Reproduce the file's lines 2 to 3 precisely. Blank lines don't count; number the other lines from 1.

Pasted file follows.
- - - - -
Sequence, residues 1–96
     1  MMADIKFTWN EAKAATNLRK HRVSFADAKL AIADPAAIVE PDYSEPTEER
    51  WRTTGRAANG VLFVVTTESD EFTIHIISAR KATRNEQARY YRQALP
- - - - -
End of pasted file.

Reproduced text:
     1  MMADIKFTWN EAKAATNLRK HRVSFADAKL AIADPAAIVE PDYSEPTEER
    51  WRTTGRAANG VLFVVTTESD EFTIHIISAR KATRNEQARY YRQALP